The Changing Landscape for Backup, Archiving, and Disaster Recovery

The IT community hasn't operated on "Internet time" since, well, for a while now, but that doesn't mean fundamental change isn't underway. New ways of approaching long-term problems are emerging; the most significant approaches often emerge because of a psychological shift, which then encourages technological development. The psychological changes make new solutions desirable. The technology makes new solutions possible. Both psychological and technological factors are affecting the world of backup, archiving, and disaster recovery.

One example of a psychological shift that changed the way we view our environment was the reaction to the disaster of September 11. In addition to the obvious emotional impact that the events of September 11 made, the incident brought to light the importance of having a national backup and disaster-recovery plan in place. One factor that's influencing the IT community's view of the importance of a good backup strategy is the changing regulatory environment. For example, lawyers in high-profile legal proceedings frequently subpoena email correspondence. Health care and financial institutions face approaching deadlines to meet new regulatory requirements. Companies are now acutely aware of the need to create faster and more efficient access to historical data.

One technological change that's emerged in response to the need for more efficient access to data is the increasing reliance on hard disks as a backup technology. For years, tape has been the medium of choice for backup. However, over the past year, several major storage companies have released disk-based products intended to serve as online and near-line backup devices. Those entries are the first in what promises to be a major shift in technology.

In a white paper published 2 years ago, researchers in the storage system program at Hewlett-Packard (HP) Labs suggested that disk-based technology would soon surpass tape as the medium of choice for backup applications. The researchers argued that high-density hard disks provide superior performance, density, and maintenance characteristics. High-density hard disks also cost less per gigabyte than tape when the tape drive and other related costs are taken into account. Among the researchers' key points: Hard disks are five times faster than tape in sequential performance, making disks better for creating and restoring backup volumes; disk-based backup technology can potentially store twice as much data per backup volume than tape-based systems; and hard disks can offer better support for legacy devices. Finally, the researchers presented empirical evidence that hard disks might last longer than tape.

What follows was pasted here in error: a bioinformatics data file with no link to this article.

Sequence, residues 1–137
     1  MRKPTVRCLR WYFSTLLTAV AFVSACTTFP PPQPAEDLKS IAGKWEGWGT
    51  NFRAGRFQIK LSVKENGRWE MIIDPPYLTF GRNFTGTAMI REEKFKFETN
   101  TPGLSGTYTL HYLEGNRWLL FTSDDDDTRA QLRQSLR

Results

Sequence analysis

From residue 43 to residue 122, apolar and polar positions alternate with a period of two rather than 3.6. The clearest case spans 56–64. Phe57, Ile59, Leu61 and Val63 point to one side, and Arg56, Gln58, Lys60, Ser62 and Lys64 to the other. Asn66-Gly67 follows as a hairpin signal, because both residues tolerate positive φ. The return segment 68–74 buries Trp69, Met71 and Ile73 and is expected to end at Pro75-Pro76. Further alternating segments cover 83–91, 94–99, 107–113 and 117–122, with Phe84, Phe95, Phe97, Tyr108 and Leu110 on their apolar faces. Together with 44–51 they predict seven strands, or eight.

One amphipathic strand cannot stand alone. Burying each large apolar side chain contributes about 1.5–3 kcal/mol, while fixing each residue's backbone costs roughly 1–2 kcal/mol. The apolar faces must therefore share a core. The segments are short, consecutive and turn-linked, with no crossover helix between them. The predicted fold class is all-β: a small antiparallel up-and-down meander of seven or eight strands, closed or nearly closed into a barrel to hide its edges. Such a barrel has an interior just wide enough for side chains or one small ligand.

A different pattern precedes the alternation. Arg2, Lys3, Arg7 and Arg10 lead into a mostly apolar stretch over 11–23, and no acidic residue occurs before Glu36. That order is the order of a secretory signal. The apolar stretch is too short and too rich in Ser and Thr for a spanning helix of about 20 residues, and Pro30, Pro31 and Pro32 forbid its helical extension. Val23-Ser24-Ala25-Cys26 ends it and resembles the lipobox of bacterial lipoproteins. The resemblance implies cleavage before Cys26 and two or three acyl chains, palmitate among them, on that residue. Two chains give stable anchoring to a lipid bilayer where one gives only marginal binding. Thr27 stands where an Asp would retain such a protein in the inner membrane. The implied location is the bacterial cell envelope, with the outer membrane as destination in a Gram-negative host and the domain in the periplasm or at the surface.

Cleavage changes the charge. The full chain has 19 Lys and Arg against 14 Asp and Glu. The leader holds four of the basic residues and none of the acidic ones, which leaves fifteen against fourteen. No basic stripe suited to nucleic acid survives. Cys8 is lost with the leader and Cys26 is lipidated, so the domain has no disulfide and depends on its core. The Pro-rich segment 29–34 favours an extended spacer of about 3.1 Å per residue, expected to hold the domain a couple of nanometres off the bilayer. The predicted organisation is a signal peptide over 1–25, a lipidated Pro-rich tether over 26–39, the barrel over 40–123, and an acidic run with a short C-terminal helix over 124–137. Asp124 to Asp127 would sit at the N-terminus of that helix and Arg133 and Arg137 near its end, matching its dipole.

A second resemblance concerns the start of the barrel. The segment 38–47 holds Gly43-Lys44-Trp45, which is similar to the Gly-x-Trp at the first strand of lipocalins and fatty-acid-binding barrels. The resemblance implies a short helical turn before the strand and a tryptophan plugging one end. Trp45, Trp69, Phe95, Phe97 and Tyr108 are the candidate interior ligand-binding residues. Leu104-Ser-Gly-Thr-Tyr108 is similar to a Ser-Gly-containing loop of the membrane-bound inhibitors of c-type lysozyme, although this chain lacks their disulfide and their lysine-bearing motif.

For years, backup, archiving, and disaster recovery have been lumped together, but now they are seen as separate and distinct technologies. Companies are concerned not only with whether their data has been preserved but also with how quickly the data can be restored and available after a breakdown. And the definition of data restoration is changing, too: Do users need access to only the latest version of the data or to multiple earlier versions?

In the past, some companies might have lumped archiving with disaster recovery, treating the technologies as one and the same. That confusion is no longer common. Although versions of data for disaster recovery must be kept off site, companies increasingly need convenient onsite access to archived storage.

As the differences between backup, archiving, and disaster recovery become clearer, companies are also better able to understand the differences and implement effective storage solutions. However, according to John Pearring, president of STORServer, storage managers still need to resolve the problems surrounding what he calls "the five-legged technology stool." Pearring uses the term five-legged technology stool because five parties are potentially involved in the backup, archiving, and disaster-recovery solution: The server vendor, the disk drive hard disk vendor, the tape drive vendor, the storage management software vendor, and a system integrator.

As you might expect, some vendors see the complexity of the five-legged stool model as an opportunity to offer integrated solutions. Network Appliance, Sony, and StorageTek are offering variations of backup appliances, as are some new entries in the field, such as STORServer.

Change happens, even if it doesn't always come at Internet speed. The old backup, archiving, and disaster-recovery solutions might be obsolete both technically and psychologically, but new solutions are emerging.

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